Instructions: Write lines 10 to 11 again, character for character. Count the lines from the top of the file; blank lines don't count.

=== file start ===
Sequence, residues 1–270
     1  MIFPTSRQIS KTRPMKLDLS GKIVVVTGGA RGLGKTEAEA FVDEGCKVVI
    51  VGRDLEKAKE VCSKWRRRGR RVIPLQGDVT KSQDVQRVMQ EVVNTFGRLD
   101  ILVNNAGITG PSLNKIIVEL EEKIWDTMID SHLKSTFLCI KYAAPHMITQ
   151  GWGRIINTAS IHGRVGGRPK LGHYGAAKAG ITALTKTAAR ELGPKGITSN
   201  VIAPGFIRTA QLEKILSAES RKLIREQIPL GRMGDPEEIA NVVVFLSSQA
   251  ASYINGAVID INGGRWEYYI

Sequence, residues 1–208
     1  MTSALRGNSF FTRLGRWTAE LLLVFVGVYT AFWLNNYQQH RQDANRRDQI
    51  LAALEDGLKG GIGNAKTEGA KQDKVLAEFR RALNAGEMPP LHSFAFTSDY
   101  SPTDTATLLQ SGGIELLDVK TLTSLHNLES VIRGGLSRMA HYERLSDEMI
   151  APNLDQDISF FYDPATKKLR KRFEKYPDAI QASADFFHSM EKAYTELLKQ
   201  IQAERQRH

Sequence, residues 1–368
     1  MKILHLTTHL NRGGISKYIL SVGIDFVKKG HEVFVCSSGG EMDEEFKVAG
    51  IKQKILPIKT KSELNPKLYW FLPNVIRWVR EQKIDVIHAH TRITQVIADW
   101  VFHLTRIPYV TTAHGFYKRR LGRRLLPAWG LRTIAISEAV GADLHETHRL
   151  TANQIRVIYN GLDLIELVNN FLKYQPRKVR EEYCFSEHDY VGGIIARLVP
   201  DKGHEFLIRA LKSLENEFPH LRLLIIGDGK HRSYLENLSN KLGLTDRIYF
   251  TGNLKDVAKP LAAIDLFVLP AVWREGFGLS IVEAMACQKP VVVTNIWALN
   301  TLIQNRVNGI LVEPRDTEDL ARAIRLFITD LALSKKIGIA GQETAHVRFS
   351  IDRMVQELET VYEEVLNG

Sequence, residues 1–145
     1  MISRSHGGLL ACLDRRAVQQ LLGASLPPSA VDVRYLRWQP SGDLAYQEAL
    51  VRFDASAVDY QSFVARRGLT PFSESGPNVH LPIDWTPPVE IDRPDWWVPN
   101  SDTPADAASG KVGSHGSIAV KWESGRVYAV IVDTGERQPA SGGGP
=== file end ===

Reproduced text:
    51  LAALEDGLKG GIGNAKTEGA KQDKVLAEFR RALNAGEMPP LHSFAFTSDY
   101  SPTDTATLLQ SGGIELLDVK TLTSLHNLES VIRGGLSRMA HYERLSDEMI